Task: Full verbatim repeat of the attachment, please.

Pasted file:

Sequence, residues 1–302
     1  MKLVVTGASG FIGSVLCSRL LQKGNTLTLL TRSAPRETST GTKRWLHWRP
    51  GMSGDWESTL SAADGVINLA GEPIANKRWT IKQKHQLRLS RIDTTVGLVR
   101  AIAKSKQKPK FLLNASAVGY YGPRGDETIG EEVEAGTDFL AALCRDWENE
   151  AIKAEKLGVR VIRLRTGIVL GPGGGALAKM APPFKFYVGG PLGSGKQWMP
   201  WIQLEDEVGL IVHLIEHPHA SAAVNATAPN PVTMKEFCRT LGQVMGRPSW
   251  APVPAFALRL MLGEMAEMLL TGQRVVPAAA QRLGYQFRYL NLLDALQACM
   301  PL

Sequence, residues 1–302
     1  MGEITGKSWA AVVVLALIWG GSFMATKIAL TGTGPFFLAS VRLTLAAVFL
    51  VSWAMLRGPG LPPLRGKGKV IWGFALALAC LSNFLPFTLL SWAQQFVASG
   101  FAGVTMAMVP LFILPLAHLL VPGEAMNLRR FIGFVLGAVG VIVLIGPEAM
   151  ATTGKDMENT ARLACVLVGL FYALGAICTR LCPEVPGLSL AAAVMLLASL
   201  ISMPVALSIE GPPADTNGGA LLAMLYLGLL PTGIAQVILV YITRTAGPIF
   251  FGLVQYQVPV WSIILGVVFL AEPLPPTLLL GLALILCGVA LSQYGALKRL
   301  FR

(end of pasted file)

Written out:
Sequence, residues 1–302
     1  MKLVVTGASG FIGSVLCSRL LQKGNTLTLL TRSAPRETST GTKRWLHWRP
    51  GMSGDWESTL SAADGVINLA GEPIANKRWT IKQKHQLRLS RIDTTVGLVR
   101  AIAKSKQKPK FLLNASAVGY YGPRGDETIG EEVEAGTDFL AALCRDWENE
   151  AIKAEKLGVR VIRLRTGIVL GPGGGALAKM APPFKFYVGG PLGSGKQWMP
   201  WIQLEDEVGL IVHLIEHPHA SAAVNATAPN PVTMKEFCRT LGQVMGRPSW
   251  APVPAFALRL MLGEMAEMLL TGQRVVPAAA QRLGYQFRYL NLLDALQACM
   301  PL

Sequence, residues 1–302
     1  MGEITGKSWA AVVVLALIWG GSFMATKIAL TGTGPFFLAS VRLTLAAVFL
    51  VSWAMLRGPG LPPLRGKGKV IWGFALALAC LSNFLPFTLL SWAQQFVASG
   101  FAGVTMAMVP LFILPLAHLL VPGEAMNLRR FIGFVLGAVG VIVLIGPEAM
   151  ATTGKDMENT ARLACVLVGL FYALGAICTR LCPEVPGLSL AAAVMLLASL
   201  ISMPVALSIE GPPADTNGGA LLAMLYLGLL PTGIAQVILV YITRTAGPIF
   251  FGLVQYQVPV WSIILGVVFL AEPLPPTLLL GLALILCGVA LSQYGALKRL
   301  FR